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  #21  
Old Posted Mar 29, 2017, 8:31 PM
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Originally Posted by Blitz View Post
By far the most heavily integrated economically (and probably culturally too) is SW Ont and SE Mich. Just taking into account the trade going back and forth each day in the form of automotive parts is probably more than all of the other regions combined.
Southern Ontario, except for Windsor, is actually pretty disconnected from the Great Lakes states in everything except economics.

The east and west coasts are really the only parts of Canada with strong links to their neighboring US regions outside of economics/commerce.
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  #22  
Old Posted Mar 29, 2017, 8:52 PM
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In Boston, Montreal = Canada. It was the reference point everyone brought up trying to place me if they didn't know where I'm actually from. Literally everyone. Everything in Canada was measured by proximity to Montreal.
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  #23  
Old Posted Mar 29, 2017, 9:21 PM
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Originally Posted by 1overcosc View Post
Southern Ontario, except for Windsor, is actually pretty disconnected from the Great Lakes states in everything except economics.

The east and west coasts are really the only parts of Canada with strong links to their neighboring US regions outside of economics/commerce.
Yeah, you get a sense when you're getting close to a major city. And I didn't feel any sense of transition from Southwestern Ontario to "Detroit's orbit" until way past Chatham - pretty much at the Essex county line. Once you're in Windsor, though, it's clear you're in a different world than London ON, and the architecture and demographic stats bear this out.

Vancouver is more culturally connected to Seattle than any other Canadian city is to its closest American equivalent. This may have more to do with Seattle than Vancouver - Seattle and the PNW is sort of unique in that it's a very urban, liberal and actually sort of old part of the United States that is physically very isolated from the rest of the US. Also, Seattle and northwestern Washington is one of the few northern border areas of the US that is as affluent as its Canadian counterpart across the border. That probably means that a higher percentage of Seattleites have the means and inquisitiveness to make a visit to Vancouver than, say, Buffalonians who want to make a trip to Toronto...let alone people from upstate NY bothering to visit Montreal.
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  #24  
Old Posted Mar 29, 2017, 9:31 PM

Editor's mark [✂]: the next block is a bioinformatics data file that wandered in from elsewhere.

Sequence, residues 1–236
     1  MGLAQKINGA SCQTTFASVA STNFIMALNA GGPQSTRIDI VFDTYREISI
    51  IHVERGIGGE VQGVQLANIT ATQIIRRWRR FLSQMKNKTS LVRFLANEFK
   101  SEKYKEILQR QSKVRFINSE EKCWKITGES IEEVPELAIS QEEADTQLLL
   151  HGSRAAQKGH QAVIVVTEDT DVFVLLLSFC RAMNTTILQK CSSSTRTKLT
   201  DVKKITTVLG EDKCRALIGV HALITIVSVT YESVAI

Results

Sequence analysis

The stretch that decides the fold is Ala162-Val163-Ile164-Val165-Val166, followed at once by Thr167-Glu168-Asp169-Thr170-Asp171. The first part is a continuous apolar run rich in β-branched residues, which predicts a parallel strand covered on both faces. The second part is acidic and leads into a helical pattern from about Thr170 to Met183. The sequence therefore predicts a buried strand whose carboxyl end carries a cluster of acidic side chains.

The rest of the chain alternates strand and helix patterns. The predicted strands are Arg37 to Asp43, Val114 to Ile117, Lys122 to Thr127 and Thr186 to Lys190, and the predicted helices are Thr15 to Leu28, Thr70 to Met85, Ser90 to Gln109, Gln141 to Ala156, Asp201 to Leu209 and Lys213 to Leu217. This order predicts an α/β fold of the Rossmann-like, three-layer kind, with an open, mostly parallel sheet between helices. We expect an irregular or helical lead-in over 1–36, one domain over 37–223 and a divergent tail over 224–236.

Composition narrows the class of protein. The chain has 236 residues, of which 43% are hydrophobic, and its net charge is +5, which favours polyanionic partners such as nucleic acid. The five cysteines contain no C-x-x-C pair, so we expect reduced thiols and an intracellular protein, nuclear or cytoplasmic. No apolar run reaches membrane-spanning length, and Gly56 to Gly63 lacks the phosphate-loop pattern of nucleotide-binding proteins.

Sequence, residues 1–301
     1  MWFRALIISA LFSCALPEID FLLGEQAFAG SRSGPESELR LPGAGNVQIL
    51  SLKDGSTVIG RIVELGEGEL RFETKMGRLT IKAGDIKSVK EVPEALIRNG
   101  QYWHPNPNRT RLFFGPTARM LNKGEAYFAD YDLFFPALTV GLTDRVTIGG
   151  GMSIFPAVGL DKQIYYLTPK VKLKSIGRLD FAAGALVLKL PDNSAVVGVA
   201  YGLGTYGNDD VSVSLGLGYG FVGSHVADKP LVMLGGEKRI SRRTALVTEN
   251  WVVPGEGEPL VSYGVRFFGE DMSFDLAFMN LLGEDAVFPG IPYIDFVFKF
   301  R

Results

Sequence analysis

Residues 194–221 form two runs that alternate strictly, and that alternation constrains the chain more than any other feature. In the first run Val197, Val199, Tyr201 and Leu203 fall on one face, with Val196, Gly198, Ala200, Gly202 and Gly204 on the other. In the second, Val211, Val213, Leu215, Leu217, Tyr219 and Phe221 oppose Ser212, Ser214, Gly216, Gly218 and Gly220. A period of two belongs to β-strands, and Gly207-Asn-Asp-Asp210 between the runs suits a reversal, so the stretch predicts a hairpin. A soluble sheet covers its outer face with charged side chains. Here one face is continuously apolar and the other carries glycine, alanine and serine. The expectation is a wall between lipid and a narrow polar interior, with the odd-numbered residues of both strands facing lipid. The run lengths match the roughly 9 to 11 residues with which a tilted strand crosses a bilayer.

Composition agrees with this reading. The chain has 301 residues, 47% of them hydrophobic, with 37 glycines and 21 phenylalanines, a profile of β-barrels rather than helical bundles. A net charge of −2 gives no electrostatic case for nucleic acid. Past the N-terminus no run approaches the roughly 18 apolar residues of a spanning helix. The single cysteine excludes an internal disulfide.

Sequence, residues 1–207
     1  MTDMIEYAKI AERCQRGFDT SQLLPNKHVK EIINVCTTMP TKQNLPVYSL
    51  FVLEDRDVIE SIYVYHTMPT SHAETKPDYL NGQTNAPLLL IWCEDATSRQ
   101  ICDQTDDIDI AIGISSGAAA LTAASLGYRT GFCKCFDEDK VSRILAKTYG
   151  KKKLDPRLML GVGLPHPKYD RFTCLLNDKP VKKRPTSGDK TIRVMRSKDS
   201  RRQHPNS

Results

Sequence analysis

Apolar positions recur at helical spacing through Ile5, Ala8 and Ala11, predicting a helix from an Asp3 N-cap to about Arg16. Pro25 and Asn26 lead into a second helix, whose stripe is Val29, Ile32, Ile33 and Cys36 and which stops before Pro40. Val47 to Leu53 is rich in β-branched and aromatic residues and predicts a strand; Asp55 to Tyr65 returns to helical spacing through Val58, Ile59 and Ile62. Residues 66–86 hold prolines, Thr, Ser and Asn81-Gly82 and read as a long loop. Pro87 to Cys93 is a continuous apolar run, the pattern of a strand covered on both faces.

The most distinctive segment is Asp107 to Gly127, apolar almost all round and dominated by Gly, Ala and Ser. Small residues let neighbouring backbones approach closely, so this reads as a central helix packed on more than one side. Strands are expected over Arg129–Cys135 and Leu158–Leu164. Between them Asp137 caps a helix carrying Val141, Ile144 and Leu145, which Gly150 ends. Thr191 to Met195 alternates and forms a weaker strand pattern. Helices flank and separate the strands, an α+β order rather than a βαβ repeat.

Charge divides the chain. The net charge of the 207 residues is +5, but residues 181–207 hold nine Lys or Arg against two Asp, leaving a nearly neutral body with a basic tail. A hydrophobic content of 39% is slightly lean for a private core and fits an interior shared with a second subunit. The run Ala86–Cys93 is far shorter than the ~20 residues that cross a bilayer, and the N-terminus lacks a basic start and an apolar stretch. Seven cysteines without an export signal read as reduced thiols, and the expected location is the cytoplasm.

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Originally Posted by hipster duck View Post
Yeah, you get a sense when you're getting close to a major city. And I didn't feel any sense of transition from Southwestern Ontario to "Detroit's orbit" until way past Chatham - pretty much at the Essex county line. Once you're in Windsor, though, it's clear you're in a different world than London ON, and the architecture and demographic stats bear this out.

Vancouver is more culturally connected to Seattle than any other Canadian city is to its closest American equivalent. This may have more to do with Seattle than Vancouver - Seattle and the PNW is sort of unique in that it's a very urban, liberal and actually sort of old part of the United States that is physically very isolated from the rest of the US. Also, Seattle and northwestern Washington is one of the few northern border areas of the US that is as affluent as its Canadian counterpart across the border. That probably means that a higher percentage of Seattleites have the means and inquisitiveness to make a visit to Vancouver than, say, Buffalonians who want to make a trip to Toronto...let alone people from upstate NY bothering to visit Montreal.
Indeed. Seattle has major companies which help define the economy of the entire PNW. Starbucks' first expansion was Vancouver, companies like Microsoft and Amazon have large workforces and offices in Vancouver.
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  #25  
Old Posted Mar 29, 2017, 9:49 PM
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Seattle is definitely not a Canadian city, but Seattle might be the easiest American city for Canadians from all parts of Canada to process.

A lot of "American-isms" aren't really there. The city isn't particularly black, Hispanic or Christian by American standards. There's a lot of wealth in Seattle but displays of wealth aren't ostentatious - and probably less flashy than displays of wealth in Vancouver or Toronto. The poor neighbourhoods don't look abandoned or dangerous. The downtown feels like it was always a meaningful place for middle class people to come to, even in the 70s and 80s. Seattleites even are known for having a demeanour that's polite, but reserved. The gregarious Southerner who wants to share her life story with you in a grocery line isn't a thing there.